Bouwinvest’s Tross: A good divestment opportunity is ‘important’

The Dutch pension investor has continued to make dispositions after its selling activity reached a five-year high last year.

As chief investment officer of international investments at Bouwinvest Real Estate Investors, Stephen Tross has been on the road a lot this year. In addition to visiting existing managers and investments, as well as scoping out potential new investments, he has also been traveling to manage dispositions of some of the Dutch pension investor’s property holdings.

Bouwinvest’s dispositions have continued this year after divestments reached a five-year high of €540 million in 2022, of which €286 million were in international real estate, according to the investor’s 2022 annual report. The investor has not yet published its total sales transactions data for H1 2023.

“Sometimes a good divestment opportunity is as important for the performance of your portfolio as finding the right investment opportunities,” he said, when interviewed by PERE at Bouwinvest’s offices in Amsterdam earlier this month. “Finding the right timing for the divestments goes hand in hand with investments, of course.”

One reason for making divestments is the denominator effect, when public market volatility last year left the investor close to exceeding its real estate allocation target. “We still wanted to be able to capture market opportunities, and in order to be able to do so, we did need to sell some investments as well,” he explained.

As part of this rebalancing, Bouwinvest has sold some of its general residential and logistics assets in order to make new investments in the niche strategies within those sectors. The investor also has been reducing its office exposure, while making more investments in life sciences, which is a better-performing subcategory within the sector.

Stephen Tross Bouwinvest
Tross: Sustainability regulations are one major driver of divestments for Bouwinvest

Sustainability regulations have been another driver of divestments. “Our desire to be a really sustainable investor has made us divest assets which we feel do not fit with our portfolio and where we want it to be,” Tross said. “And part of that analysis is also the changing climate risks, with the disasters going on in various places around the world. So we have made some very sophisticated tools to assess those climate risks on an asset-level basis. And we include that data also in our divestment strategies.”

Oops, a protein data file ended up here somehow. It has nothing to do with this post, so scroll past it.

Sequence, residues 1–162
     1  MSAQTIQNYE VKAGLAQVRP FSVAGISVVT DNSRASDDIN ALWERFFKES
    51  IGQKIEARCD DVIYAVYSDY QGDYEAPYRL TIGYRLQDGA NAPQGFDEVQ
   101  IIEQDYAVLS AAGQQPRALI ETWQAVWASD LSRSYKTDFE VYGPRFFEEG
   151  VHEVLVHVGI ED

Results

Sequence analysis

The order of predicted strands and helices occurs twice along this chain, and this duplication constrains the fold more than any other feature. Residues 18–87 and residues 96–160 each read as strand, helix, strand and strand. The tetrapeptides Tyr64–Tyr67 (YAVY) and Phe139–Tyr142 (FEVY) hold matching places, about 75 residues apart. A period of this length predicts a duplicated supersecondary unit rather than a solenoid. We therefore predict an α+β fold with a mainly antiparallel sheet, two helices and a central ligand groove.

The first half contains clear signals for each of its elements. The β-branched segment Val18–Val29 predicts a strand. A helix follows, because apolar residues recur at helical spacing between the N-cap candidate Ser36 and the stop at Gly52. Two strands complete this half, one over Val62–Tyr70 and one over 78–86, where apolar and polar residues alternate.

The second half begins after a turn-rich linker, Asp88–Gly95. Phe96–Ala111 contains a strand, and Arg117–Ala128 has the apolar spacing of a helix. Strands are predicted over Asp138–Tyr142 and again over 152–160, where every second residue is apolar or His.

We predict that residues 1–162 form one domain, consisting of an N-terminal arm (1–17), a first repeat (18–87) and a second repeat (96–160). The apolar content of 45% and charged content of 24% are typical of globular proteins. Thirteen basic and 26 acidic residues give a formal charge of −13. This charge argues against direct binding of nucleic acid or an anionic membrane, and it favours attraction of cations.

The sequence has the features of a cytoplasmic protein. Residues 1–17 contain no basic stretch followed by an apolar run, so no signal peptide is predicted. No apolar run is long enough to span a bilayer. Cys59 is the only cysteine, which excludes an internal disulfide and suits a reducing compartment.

For example, Bouwinvest divested some of its office assets in New York’s midtown Manhattan last year and redeployed the capital into a property located in the city’s Hudson Yards neighborhood, partly because of changing ESG standards. “That’s on an asset level where you want to position yourself,” said Tross, whose organization previously invested $100 million in The Spiral, Tishman Speyer’s $3.7 billion Hudson Yards office development, in 2018. “[You want] to invest more in the best assets in an area like Hudson Yards, with the most up-to-date floor plates, specs and ESG criteria.”

The global decarbonization pathways under the Carbon Risk Real Estate Monitor project provide more insights on which assets are sustainable and which will become obsolete or require a lot of capex in the future, Tross noted: “So if you can sell those before others start to realize that, then that’s of course the route to go.”

An additional factor in divestments has been performance. “The investments which aren’t contributing enough from a performance perspective, you want to change to investments which are outperforming our benchmarks,” he said. The benchmarks are also changing because of shifting allocations and valuation changes in various sectors, Tross added.

Performance is driven more by sector allocation than asset specifics, Tross observed, noting for example that property owners generally have not been able to perform well in US office for the past two years and in retail for the past seven. “So allocation is a very important factor,” he said. “We focus a lot on how we want to be positioned and within that positioning, of course, we are focused on the best assets. But that comes second.”

Residential and logistics together make up about 60 percent of Bouwinvest’s international portfolio of €5.1 billion in assets under management at the end of 2022, while office accounts for approximately 16 percent and retail for 10 percent. More niche strategies including data centers, student housing and care facilities make up the remainder. The investor had total AUM of €15.9 billion as of year-end 2022.

Among its international mandates, Bouwinvest reported returns of -8.8 percent in Europe, 0.5 percent in North America and 1.5 percent in Asia-Pacific in 2022. However, the investor beat its benchmarks in all three regions over the five-year period of Q4 2017 to Q3 2022, delivering outperformance of 2.1 percent against the INREV/GPR index in Europe; 1.1 percent against the NCREIF/GPR index in North America; and 1.1 percent against the ANREV/GPR index in Asia-Pacific.